Archives for October 2017

Insect Armageddon

Last evening at home I had a phone call from LBC radio station in London. Sophie asked if I would talk with Clive Bull about the ‘Insect Armageddon’ trending the news yesterday. Why me? – I guessed at this hour I could be found on a phone. Fortunately I had looked at the report by scientists on the 76% reduction in flying insect biomass in 27 years up to 2016 on 63 German nature reserves, so I did know the story – see in the journal Plos One. I also felt strongly connected to this news as I am old enough to remember car trips to the New Forest in the late 1950s when after 20 miles you’d have to scrape the windscreen clear of dead insects and from time to time clear the radiator grill. And that was also true in the Scottish Highlands in the 1960s. Just imagine what the reduction of flying insects really has been in the UK if you used 1950 or 1960 as the baseline not 1989. It’s truly disastrous.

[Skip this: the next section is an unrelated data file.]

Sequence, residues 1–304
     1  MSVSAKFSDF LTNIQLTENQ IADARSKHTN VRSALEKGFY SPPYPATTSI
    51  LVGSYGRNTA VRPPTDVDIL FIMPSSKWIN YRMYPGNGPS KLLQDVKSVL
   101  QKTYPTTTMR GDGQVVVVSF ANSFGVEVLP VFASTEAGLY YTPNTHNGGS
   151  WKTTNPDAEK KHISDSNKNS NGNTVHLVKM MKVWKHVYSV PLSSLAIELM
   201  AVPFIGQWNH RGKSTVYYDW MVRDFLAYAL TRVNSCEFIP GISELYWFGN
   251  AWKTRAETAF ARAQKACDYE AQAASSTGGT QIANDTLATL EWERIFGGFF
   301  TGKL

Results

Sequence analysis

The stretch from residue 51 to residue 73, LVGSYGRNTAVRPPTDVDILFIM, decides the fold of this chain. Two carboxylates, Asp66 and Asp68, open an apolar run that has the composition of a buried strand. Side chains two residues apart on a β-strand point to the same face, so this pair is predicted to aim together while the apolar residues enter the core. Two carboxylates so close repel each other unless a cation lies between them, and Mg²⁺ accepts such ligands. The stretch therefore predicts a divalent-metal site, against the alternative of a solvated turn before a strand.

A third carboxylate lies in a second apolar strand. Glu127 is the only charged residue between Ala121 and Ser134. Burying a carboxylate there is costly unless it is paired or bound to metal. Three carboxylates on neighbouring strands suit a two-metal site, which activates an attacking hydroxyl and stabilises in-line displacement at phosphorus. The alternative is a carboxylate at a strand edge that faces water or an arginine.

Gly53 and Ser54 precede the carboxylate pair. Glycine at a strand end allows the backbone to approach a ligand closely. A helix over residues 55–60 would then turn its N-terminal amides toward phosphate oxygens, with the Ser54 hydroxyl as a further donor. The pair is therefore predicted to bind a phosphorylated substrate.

Ornithologists are used to the severity of the declines – 97% of turtle doves gone since 1970. When I heard some singing in Andalusia this past April it reminded me of my childhood in rural Hampshire – what a loss to our enjoyment of the countryside to lose that gentle purring in the hawthorn hedges. Then don’t get me started but look at the appalling loss of grey partridges, corn buntings, yellowhammers, poppies, corn cockles and marigolds to the chemicalisation and intensification of agriculture since the 1960s. To understand these dramatic changes you must read Ian Newtown’s new book ‘Farming and Birds’ in the New Naturalist series. I’m two-thirds of the way through – it’s a brilliant read and a weighty tome (it’s also too heavy to read in bed!) which explores the whole history of farming and birds – the relationships good and bad – but details fully the dramatic changes due to the intensification of farming, the onslaught of a bewildering array of chemicals – insecticides, herbicides, fungicides, artificial fertilisers and the loss of wild plants, insects and soil ecosystems. Although individual chemicals are tested for impacts – the real problem is the cocktail of chemicals from intensive agriculture added to emissions from industry and the way we live, including acid rain.